Serving the Dark Lord? I Didn’t Sign up for This!
Welcome to the realm of darkness? Acolyte? Hold on hold on hold on. Surely I passed out and I’m dreaming right now, right? Right!? I tried to reason out the situation to myself as I sat on the floor, but it was no use. My senses weren’t lying. I became self-aware in a dream before, and it was nothing like this. The moist, frigid air, the mosquito buzzing around me, the sound of dripping water droplets—it was all too real, and terrifying. I had no idea where I was, or who the man in front of me was.
“Who are you? Why am I here? What’s going on?” I began to panic.
“I am Dark Lord Andromalius. And you are here because you chose to come,” he said matter-of-factly.
Dark lord? Like, the kind of big bad guy who’s out to destroy the world or take over it? I never really had much time to indulge myself in fiction, but I had at least had a vague awareness of how the fantasy genre went, and if this was anything like that, then I’d be in for a bad time. I hadn’t even started to think about the second half of his sentence when Azazel chimed in.
“Quite the magic circle you constructed. I never figured you to be a witch,” he sounded impressed.
You mean the magic circle I completely made up as a prank actually did something? All I could do was stop and stare at the two of them with my mouth hung open for a moment while my brain processed everything.
“So you’re telling me that I coincidentally drew the same magic circle as you,” I pointed towards Andromalius, “they connected, and brought us here?” then pointed my finger towards my feet.
The dark lord chuckled. It was as if he understood everything just by seeing the confused look on my face.
“It may seem like a coincidence to you, but for me, it was inevitable. There are infinite worlds—infinite realities. Someone, somewhere, had to construct a sender-styled circle to match my receiver.”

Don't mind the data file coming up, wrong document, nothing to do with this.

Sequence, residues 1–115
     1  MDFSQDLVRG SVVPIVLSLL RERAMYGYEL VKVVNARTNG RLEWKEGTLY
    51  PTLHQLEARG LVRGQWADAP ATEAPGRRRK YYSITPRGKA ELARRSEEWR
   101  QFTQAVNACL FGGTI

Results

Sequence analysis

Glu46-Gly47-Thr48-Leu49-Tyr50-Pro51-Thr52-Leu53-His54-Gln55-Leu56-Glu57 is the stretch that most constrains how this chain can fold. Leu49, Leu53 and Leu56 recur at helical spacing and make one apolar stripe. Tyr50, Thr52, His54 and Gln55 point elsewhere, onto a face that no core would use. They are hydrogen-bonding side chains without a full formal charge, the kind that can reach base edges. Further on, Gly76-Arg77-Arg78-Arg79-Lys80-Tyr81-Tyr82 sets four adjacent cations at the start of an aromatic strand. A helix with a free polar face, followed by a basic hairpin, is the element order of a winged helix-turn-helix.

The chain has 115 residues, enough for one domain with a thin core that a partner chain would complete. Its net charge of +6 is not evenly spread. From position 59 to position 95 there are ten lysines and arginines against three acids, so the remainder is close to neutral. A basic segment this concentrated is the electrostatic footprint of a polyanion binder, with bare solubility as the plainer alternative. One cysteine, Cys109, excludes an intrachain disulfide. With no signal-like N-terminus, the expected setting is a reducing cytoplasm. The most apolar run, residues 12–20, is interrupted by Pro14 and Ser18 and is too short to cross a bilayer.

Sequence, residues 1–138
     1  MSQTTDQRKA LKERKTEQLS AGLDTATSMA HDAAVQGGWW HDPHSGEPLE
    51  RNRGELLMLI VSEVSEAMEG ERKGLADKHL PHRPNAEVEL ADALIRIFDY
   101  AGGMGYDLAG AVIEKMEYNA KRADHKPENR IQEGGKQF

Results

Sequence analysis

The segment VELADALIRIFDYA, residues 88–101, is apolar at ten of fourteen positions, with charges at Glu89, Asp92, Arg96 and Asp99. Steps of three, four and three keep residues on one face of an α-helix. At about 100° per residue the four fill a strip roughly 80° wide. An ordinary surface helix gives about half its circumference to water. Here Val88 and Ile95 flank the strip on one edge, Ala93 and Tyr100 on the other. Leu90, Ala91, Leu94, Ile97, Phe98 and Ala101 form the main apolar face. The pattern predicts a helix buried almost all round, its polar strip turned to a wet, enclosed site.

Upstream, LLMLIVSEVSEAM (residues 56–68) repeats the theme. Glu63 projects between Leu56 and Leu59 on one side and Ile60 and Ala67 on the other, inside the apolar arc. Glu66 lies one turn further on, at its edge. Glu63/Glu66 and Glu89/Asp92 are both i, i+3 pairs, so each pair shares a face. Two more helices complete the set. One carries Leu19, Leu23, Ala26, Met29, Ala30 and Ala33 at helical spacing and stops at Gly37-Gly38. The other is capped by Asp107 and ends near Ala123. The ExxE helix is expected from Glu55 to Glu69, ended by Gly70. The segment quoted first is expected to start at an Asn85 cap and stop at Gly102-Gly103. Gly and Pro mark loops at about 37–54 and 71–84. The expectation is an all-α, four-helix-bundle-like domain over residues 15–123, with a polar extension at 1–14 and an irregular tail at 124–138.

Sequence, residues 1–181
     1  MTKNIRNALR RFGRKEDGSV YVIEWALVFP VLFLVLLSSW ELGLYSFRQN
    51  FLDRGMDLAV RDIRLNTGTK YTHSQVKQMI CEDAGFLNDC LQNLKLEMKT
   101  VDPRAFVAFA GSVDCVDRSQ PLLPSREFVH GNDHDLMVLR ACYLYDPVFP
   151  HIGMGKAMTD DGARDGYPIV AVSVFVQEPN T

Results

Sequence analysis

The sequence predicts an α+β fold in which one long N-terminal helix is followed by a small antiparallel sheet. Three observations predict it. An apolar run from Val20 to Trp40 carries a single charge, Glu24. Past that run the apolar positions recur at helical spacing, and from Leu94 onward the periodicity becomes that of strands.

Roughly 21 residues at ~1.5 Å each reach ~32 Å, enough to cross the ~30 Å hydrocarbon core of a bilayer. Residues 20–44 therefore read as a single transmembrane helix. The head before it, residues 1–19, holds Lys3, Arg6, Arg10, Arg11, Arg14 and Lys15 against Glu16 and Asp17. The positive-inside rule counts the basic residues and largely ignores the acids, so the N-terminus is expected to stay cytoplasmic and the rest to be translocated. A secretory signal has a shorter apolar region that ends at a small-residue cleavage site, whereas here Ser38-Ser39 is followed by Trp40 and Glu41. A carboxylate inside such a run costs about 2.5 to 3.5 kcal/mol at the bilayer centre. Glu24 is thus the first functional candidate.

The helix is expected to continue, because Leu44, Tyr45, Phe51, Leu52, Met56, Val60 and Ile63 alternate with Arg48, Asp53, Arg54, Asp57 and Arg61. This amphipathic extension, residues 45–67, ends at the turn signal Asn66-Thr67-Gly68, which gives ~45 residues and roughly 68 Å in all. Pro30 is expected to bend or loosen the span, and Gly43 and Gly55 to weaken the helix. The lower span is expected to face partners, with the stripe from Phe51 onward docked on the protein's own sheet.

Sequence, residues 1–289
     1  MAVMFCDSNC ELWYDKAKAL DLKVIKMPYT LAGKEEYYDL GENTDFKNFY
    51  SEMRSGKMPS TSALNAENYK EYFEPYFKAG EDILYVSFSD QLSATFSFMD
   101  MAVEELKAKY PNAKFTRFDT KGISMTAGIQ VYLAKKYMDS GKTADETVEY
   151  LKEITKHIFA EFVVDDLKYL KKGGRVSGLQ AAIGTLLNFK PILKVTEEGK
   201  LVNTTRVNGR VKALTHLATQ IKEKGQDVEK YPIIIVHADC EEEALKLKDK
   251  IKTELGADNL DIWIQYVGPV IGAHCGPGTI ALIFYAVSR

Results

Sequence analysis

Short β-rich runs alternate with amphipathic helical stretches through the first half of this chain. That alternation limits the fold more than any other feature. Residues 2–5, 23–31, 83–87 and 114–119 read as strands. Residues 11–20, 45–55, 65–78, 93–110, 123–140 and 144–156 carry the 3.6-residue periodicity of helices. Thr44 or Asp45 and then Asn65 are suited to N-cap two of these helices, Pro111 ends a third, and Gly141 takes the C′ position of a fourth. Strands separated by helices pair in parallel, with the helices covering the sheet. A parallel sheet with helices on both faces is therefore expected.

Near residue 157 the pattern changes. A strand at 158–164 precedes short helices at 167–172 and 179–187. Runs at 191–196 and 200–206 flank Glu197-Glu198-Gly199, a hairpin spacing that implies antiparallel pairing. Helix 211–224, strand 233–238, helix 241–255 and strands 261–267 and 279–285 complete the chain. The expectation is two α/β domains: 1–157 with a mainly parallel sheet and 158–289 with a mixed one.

“The many-worlds theory… So it was true…” Azazel said to himself quietly, still kneeled down, and fist pumped the air.
I can’t believe this. I just wanted to pull a prank, and now look what happened. I’m in this dark dungeon, with an ominous man and my idiot classmate. I didn’t sign up for this! I stood got up off the ground and began scuffing the heel of my shoe on the magic circle underneath me.
“Wait, what are you doing!?” Azazel stood up and questioned me aggressively, as if I was vandalizing a fine piece of art.
“I can’t let anyone else get sucked in! This thing’s still active right?” I responded. If Azazel came here first, and I came after him, then who’s to say someone else won’t stumble into the lab and get brought here next.
“Ah, I suppose so…” Azazel backed off.
“And you!” I began walking up towards Andromalius. “I don’t know who you think you are, but you better send us back right now!”
Now that I look at him up close, the dark lord was very intimidating. He had extremely handsome, chiselled features, he was above 6 feet, maybe even 7 feet tall, and his eyes felt like they were piercing my soul. And yet, at the same time, I did not sense danger from him for some reason. Maybe it was all the adrenaline pumping through me.
“Well, I cannot force you to help me,” he sighed. “I would aid you in returning, but--” the dark lord continued, but then stopped as if he was interrupted, and slapped his hand against his exposed neck. He then pulled his hand away, looked at his palm, and his eyes shot open. There was a speck of blood on his hand.